The following semester, I got to know Bishop Morgan better. His Pauline Writings class had to meet in the auditorium of the science building, as he famously made “an exception just for you” to anyone who asked. Before each exam, Bishop Morgan and his wife, Martha, had the whole class over for dinner--and not your standard pizza or tacos. Martha broke out the good china and cooked real food. We were treated as family. I’d never experienced that kind of hospitality from someone who wasn't a blood relative. Over the course of my last two years at BSC, I probably ate with the Bishop and Martha 15 times. We went over before every test, a number of times before our travels in Europe, and more than once afterwards.
I have great memories of that trip. The Bishop was seventy years old, and yet he and Martha hiked up a mountain with us to visit the monastery at Meteora. He delighted in showing us the acropolis, the bema in Corinth, the ruins at Thessalonica. In Berea, I think, the hot water wasn't working, so the Bishop announced to us at breakfast that he was very so very sorry we had to take cold showers, and that as for himself, he’d “sat on a stool and had Martha hose me off.”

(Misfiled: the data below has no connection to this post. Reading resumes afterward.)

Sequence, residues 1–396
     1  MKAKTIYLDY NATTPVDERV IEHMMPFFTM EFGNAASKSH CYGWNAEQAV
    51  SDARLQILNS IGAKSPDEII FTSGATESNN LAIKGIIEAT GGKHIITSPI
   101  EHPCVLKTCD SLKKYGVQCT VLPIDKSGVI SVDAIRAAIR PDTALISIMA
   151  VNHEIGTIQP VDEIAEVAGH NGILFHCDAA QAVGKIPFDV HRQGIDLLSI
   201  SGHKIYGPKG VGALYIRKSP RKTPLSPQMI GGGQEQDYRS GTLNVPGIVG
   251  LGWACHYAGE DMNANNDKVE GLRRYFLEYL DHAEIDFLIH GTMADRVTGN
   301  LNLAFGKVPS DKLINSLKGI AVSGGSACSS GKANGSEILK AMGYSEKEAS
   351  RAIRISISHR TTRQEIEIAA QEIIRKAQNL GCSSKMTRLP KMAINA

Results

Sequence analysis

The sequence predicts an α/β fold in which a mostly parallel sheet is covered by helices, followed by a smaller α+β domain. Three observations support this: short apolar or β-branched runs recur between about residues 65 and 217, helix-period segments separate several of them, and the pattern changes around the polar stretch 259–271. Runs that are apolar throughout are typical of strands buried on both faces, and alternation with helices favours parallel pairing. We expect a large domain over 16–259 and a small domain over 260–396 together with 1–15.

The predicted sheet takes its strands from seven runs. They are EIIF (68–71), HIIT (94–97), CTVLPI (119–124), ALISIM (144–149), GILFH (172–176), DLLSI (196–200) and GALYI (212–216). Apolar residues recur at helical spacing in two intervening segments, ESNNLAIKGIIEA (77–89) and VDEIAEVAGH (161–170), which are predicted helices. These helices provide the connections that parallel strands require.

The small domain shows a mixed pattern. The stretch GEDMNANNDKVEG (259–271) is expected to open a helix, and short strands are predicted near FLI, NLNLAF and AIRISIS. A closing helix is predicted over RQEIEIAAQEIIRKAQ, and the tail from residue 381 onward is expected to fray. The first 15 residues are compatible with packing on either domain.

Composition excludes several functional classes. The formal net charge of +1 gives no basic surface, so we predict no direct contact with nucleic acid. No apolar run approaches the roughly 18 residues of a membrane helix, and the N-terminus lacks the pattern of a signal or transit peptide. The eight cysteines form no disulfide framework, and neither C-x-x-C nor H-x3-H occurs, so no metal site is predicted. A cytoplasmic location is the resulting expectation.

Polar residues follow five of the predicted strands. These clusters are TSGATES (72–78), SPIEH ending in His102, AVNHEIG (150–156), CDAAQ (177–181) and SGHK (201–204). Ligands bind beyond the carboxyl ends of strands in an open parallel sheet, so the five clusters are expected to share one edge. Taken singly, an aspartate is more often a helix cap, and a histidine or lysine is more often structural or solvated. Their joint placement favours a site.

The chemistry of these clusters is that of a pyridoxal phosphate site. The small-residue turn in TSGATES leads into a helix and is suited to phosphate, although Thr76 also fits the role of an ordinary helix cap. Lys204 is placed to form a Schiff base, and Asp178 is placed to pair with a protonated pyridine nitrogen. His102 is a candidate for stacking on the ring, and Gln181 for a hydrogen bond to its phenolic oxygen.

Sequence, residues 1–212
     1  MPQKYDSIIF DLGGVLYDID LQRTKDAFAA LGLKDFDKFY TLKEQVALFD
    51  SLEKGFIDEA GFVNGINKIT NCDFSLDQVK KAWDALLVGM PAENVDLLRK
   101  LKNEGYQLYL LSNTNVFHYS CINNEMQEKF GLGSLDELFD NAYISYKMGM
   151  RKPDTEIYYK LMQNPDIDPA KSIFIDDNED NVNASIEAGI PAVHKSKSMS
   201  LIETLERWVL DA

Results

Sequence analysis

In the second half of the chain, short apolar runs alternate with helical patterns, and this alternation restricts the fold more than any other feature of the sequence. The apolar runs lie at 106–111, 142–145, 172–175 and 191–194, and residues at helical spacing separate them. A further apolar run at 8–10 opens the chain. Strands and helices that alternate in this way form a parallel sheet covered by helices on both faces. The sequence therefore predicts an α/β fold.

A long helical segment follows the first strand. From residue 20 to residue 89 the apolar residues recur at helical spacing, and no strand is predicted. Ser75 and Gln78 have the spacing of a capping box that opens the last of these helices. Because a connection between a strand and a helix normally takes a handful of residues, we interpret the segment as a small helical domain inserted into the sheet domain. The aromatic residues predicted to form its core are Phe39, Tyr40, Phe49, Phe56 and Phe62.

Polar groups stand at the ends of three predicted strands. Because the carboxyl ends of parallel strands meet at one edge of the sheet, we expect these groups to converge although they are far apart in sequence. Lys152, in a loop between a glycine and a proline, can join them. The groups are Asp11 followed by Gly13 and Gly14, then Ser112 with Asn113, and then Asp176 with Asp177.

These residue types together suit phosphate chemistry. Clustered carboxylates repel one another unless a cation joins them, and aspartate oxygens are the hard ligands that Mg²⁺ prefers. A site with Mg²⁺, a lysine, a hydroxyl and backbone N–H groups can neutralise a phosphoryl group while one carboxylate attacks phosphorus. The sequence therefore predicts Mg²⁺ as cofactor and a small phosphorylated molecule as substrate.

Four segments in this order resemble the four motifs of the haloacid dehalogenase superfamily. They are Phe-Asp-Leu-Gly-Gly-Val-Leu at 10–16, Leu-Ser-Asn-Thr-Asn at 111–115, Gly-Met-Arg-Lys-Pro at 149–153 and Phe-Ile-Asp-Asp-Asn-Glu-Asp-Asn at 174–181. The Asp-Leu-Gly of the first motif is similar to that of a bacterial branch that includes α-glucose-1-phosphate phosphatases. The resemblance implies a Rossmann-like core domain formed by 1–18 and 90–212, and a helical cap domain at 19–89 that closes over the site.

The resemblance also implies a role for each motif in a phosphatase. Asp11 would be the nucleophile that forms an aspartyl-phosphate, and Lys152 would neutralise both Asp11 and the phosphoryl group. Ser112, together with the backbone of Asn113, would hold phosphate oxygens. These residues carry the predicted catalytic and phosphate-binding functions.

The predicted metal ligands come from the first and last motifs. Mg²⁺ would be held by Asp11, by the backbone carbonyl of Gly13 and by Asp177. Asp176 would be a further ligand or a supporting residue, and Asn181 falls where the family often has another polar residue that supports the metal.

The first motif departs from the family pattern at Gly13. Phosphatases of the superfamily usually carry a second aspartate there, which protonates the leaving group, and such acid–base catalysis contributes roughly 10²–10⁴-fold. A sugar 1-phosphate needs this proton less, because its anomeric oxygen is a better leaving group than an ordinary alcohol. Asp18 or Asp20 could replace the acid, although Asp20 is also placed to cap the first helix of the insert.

While it had been the case that I’d had no role models in ministry before meeting Bishop Morgan, he (knowing that I needed a role model) made sure during that trip to spend time with me, to visit with me, to give me time to ask questions, to gently encourage me to pursue United Methodist ministry. While I can’t say that Bishop Morgan is the only reason I am a United Methodist pastor, I can pretty certainly say I wouldn’t be one without him.
After we returned home, Bishop Morgan continued to spend time with me, encouraging me, mentoring me. Stacey loves to tell the story of our senior year in which we both took a class from Bishop Morgan called The Parables of Jesus. We fell in love while studying together for that class, but the story she most loves is that while taking the map portion of the final exam (with 40 other people in the room), Bishop Morgan walked over to me to look over my shoulder and see how I was doing.